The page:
Catwoman presents a stylish and moody, yet dangerous neo-noir version of Gotham City while continuing to build a life for Selina Kyle that is just outside the world of Batman. Blanco and Bellaire are their own dynamic duo as they breathe gorgeous life into the world they are building.
Often when there are books that happen to fall under the same umbrella from a publishing line, especially those that share a similar setting, like one particular city. It can be hard to make sure they fully stand together and apart from one another at the same time. This is even more true when the books one is referring to are part of the Batman line and call Gotham City their home. What makes a line work the best is if each of those titles has its own hook or flavor. This relatively simple, yet complex, idea is part of why Catwoman is one of the most consistently great books on the shelves.
Ram V, Fernando Blanco, Jordie Bellaire, and Tom Napolitano have crafted a truly neo-noir crime thriller of a book that places Selina Kyle into a dangerous world of her own that only tangentially touches that of Batman/Bruce Wayne. This is mentioned in the story that her desires to just run Alleytown are somewhat thwarted by events that she’s drawn into that are closer to the world that Batman inhabits than the crime world she lives in. Despite the break the two are taking in their romance and lives together, she still feels compelled to tackle these events because it’s who she is even if she doesn’t fully want it to be.
Every piece of narration or dialogue feels perfectly necessary to the overall story that is being built through this series. Nothing is out of place or feels extraneous, it’s a fully planned and intriguing journey. This is no surprise as Ram V continues to grow his portfolio both at DC Comics and elsewhere with a great stable of well-written books that never feel similar to each other.
While Ram V continues to fully understand Selina Kyle and comes up with ways to breathe new and strange life into the streets of Gotham, like Poison Ivy used to make drugs or the enigmatic assassin Father Valley or the other blinking out of sight Wight Witch from the last issue, the beautiful and stylized artwork makes things even more memorable. Blanco and Bellaire are doing some wonderful things here, whether it’s simple establishing shots full of so much detail or moody rain-filled pages or the green-tinged double spread page of Riddler’s memories. Gotham, or at least the Alleytown and other portions that Selina calls home, feels like a living breathing city thanks to the life that they breathe into every single page.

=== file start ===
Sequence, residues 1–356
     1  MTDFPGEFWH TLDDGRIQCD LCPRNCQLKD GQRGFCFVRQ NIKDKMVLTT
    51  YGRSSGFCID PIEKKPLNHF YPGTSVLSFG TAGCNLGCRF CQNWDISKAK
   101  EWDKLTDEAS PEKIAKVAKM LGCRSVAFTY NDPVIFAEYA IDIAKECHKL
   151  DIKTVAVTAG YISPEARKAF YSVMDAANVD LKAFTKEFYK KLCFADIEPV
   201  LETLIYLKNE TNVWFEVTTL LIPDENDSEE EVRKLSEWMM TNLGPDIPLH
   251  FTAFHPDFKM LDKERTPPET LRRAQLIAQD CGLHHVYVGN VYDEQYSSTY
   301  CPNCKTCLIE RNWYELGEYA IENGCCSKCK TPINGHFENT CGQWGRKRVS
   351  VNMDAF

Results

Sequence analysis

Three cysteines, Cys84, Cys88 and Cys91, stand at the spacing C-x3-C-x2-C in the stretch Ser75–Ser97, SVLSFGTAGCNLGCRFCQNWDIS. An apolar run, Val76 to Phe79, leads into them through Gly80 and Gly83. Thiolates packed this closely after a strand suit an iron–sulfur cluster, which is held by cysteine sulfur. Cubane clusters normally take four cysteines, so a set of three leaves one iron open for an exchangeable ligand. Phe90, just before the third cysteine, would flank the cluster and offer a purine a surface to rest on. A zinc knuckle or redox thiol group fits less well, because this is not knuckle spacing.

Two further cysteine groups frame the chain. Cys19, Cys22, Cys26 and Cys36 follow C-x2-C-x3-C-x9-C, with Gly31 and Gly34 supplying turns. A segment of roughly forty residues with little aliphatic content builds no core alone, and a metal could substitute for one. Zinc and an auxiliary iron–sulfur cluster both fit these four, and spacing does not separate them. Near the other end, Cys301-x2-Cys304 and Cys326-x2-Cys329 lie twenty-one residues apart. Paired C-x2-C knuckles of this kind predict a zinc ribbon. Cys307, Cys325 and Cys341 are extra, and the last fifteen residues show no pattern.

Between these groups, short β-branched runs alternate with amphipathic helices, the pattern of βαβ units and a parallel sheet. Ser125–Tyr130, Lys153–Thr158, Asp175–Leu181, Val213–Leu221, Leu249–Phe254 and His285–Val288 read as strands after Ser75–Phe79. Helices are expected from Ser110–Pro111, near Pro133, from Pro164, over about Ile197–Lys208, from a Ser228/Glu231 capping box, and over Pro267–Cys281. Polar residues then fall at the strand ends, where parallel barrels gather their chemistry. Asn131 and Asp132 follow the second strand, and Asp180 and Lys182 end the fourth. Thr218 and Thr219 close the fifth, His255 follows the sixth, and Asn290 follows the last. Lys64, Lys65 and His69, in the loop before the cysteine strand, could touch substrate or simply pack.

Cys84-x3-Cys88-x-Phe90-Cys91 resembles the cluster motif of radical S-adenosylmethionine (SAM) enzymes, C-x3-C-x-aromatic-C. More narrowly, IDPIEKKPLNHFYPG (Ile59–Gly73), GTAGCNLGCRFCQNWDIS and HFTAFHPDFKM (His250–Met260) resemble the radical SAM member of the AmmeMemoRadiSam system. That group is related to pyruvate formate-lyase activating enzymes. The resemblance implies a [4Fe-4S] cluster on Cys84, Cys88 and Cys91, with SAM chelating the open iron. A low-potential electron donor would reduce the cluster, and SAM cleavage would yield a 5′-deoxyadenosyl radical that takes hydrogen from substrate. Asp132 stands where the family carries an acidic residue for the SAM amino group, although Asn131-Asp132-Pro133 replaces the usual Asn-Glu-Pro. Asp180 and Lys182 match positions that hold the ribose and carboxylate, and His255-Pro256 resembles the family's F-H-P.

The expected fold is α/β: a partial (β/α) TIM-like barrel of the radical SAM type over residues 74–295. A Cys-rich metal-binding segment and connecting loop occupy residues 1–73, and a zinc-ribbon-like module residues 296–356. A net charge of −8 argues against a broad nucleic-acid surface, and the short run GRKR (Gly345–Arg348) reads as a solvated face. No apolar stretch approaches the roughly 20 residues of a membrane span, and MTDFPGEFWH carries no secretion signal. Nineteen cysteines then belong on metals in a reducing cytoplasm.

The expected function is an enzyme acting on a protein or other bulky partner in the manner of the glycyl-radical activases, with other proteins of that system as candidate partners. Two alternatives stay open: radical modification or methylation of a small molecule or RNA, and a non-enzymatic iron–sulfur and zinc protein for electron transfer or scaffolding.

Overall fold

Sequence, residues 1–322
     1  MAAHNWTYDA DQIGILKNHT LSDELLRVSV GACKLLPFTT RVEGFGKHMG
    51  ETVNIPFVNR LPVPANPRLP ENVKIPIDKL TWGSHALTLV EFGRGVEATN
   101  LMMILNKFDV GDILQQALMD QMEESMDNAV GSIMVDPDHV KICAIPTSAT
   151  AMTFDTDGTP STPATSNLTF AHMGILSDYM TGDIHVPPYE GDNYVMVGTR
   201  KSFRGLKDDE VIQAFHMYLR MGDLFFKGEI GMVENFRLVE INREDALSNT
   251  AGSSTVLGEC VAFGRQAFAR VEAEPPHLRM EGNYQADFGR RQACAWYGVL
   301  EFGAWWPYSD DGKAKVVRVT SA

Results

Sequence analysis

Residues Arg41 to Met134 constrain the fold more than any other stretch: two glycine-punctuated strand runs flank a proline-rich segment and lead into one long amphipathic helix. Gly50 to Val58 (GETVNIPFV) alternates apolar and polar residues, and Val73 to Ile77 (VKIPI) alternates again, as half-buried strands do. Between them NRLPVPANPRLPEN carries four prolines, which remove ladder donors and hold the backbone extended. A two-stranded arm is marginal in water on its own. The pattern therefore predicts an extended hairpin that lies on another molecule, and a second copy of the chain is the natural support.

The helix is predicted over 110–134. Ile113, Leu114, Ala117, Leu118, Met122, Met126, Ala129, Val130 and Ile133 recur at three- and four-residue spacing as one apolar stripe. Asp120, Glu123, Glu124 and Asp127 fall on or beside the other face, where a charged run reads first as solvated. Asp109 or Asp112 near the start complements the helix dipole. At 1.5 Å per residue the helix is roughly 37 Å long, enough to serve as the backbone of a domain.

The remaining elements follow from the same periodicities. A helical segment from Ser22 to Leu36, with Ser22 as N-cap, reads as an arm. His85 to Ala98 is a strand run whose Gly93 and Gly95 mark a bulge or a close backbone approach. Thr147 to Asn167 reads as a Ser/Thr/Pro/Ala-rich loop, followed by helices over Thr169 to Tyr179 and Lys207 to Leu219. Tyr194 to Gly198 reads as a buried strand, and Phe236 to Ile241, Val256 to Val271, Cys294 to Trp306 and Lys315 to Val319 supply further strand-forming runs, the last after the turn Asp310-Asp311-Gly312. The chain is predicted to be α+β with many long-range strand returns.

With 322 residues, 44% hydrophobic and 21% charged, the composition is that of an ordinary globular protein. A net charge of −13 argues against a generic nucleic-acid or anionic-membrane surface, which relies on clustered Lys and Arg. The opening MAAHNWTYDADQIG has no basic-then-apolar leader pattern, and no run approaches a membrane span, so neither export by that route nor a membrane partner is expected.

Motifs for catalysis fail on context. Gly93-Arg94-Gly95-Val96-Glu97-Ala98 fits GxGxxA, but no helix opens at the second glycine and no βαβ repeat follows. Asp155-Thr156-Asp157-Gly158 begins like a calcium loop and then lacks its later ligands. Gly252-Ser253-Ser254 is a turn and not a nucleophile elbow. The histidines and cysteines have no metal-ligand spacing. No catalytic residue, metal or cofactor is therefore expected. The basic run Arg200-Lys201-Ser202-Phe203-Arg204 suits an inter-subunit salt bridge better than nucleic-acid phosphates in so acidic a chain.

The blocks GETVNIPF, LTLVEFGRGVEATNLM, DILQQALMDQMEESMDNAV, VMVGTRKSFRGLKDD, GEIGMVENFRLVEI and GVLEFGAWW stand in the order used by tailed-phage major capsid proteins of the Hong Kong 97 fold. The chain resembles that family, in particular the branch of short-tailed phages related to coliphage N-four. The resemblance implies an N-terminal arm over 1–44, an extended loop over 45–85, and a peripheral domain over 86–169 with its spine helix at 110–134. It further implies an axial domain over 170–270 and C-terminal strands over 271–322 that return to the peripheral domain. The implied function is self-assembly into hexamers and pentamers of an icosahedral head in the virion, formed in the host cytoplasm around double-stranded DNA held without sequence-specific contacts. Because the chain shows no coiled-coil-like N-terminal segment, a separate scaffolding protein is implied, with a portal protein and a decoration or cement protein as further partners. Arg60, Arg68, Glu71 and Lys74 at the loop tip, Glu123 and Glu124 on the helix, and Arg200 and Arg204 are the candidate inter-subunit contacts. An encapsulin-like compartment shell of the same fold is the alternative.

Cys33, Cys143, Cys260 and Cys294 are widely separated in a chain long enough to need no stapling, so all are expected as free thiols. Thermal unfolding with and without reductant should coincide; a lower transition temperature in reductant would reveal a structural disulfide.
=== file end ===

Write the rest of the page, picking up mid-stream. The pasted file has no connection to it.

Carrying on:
That’s not even getting into the wonderous way that they play with the shadows and light in various scenes, from the Penguin/Father Valley confrontation to Selina getting ready for ‘work’ sequence, as well as Bellaire’s masterful use of different colors to bring focus to certain moments. Like the aforementioned Father Valley pages, allowing bright dark reds to dominate the small panels within the overall panel which drives home the brutality that the man unleashes.
Napolitano’s lettering adds to these feelings, easily morphing to fit the mood of each page, whether it’s something more sedate or more visceral in the previously mentioned brutal fight scenes. Even simple things like Catwoman’s whip grabbing onto a post for swinging or breaking through a window or Penguin snapping, are elevated by the lettering. We know what is happening in most of those cases thanks to the visuals on the page, but great lettering adds to it all as it makes you feel/hear the action rather than just see it.
Gotham City is in the best of hands across the line lately, especially in this series.
Catwoman #30 is now on sale from DC Comics in print and digitally.